This week, we were forced to address the ramifications of military force as it ties into the legal and political sphere. After the latest development in the Syrian civil war ended in a gas attack that murdered civilians, a whirlwind of activity from the presidential administration followed. This culminated in a military strike in retaliation; the act violated a longstanding international agreement [[ https://lawfareblog.com/trumps-syria-conundrum ]] wherein Syria had been forbidden use of chemical warfare. This, however, prompted many to question whether the president had the legal authority to act as quickly as he did. Charlie Savage attempts to explain the breadth of presidential war powers applicable in this situation, while Jack Goldsmith and Andrew Kent consider the strike order through the lens of the US Constitution.
Despite protests to the contrary, Devin Nunes stepped down from the investigation into Russian interference of the 2016 US Election. The House Committee on Ethics released a statement confirming that Nunes is under investigation in light of “public allegations that Representative Devin Nunes may have made unauthorized disclosures of classified information, in violation of House Rules, law, regulations, or other standards of conduct.” Though many headlines have reported this as a recusal, the word has been notably missing from White House statements on the matter.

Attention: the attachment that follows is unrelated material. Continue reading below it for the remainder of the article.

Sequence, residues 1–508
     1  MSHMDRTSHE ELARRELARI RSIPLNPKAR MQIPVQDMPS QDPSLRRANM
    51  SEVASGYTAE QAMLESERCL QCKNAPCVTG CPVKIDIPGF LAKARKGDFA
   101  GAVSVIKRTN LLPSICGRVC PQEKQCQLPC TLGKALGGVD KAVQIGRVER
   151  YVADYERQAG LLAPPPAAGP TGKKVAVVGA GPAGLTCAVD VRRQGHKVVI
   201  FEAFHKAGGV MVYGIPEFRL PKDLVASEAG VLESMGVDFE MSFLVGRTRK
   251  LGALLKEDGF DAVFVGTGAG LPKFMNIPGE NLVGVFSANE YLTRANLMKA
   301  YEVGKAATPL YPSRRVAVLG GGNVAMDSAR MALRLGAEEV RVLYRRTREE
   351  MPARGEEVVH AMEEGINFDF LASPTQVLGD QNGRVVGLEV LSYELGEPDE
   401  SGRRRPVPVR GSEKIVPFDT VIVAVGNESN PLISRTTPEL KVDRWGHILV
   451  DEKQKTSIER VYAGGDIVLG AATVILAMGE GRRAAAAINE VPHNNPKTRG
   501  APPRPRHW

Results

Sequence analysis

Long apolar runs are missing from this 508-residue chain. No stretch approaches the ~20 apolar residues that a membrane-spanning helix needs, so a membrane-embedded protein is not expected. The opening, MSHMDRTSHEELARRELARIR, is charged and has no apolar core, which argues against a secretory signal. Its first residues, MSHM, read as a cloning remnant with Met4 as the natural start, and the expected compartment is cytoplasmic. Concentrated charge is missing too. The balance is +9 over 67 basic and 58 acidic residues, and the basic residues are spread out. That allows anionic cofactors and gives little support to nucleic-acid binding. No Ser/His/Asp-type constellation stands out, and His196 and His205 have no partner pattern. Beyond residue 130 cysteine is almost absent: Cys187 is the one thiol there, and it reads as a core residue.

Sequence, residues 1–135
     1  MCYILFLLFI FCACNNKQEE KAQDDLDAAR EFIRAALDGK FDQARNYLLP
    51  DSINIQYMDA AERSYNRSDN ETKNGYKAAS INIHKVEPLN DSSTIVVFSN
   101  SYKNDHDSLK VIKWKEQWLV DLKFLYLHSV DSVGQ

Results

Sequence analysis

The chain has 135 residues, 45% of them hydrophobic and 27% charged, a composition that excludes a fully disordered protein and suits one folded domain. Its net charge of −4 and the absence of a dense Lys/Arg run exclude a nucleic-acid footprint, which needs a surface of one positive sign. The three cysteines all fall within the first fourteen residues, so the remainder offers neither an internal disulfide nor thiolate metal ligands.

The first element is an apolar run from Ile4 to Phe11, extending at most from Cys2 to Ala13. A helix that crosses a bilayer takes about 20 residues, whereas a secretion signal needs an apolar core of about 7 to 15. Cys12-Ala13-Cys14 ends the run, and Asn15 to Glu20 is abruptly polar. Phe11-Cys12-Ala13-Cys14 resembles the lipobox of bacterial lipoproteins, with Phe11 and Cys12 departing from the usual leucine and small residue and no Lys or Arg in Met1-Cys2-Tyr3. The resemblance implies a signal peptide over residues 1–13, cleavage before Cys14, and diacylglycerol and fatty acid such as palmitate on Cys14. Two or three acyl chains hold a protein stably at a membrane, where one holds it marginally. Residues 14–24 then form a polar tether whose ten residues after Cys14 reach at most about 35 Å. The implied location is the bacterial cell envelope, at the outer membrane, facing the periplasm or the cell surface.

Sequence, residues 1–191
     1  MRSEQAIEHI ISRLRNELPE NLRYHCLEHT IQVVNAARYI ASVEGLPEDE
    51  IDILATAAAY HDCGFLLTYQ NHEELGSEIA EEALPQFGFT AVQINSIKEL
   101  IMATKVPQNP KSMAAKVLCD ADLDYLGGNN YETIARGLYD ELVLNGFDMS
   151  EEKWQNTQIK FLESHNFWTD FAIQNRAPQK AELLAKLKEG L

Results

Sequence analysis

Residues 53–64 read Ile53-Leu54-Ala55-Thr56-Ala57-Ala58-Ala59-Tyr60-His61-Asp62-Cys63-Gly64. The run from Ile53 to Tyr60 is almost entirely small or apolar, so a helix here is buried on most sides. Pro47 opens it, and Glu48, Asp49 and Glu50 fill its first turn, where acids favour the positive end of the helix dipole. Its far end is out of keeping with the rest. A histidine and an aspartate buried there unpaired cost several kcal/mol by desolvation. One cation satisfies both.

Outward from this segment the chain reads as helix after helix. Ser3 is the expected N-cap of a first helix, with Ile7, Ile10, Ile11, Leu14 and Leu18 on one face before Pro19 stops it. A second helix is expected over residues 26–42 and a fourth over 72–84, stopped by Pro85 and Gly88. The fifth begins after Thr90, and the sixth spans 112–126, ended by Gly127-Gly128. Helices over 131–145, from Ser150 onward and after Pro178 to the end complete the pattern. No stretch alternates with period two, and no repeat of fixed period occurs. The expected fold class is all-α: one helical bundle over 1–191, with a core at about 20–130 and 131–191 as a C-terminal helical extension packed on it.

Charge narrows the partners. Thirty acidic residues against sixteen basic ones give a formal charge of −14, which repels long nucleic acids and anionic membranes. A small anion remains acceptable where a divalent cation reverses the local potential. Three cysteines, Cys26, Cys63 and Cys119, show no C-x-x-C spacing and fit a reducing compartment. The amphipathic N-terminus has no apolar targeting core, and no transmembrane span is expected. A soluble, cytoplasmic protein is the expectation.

Though the oft-requested presidential tax returns have still not been made public, the White House administration released financial disclosure forms from staff members. The discussion surrounding these financials has raised discussion regarding the ways in which the current administration established itself as a collection of multi-millionaires, including accusations that certain key staff members may not have performed due diligence in divesting themselves from potential conflicts of interest.
Litigation continues to circle around the presidency. A federal judge in Kentucky ruled against efforts to throw out a pending suit arguing that then-candidate Trump incited violence at a campaign rally in March 2016. An outstanding lawsuit alleging fraud against the former Trump University has been settled.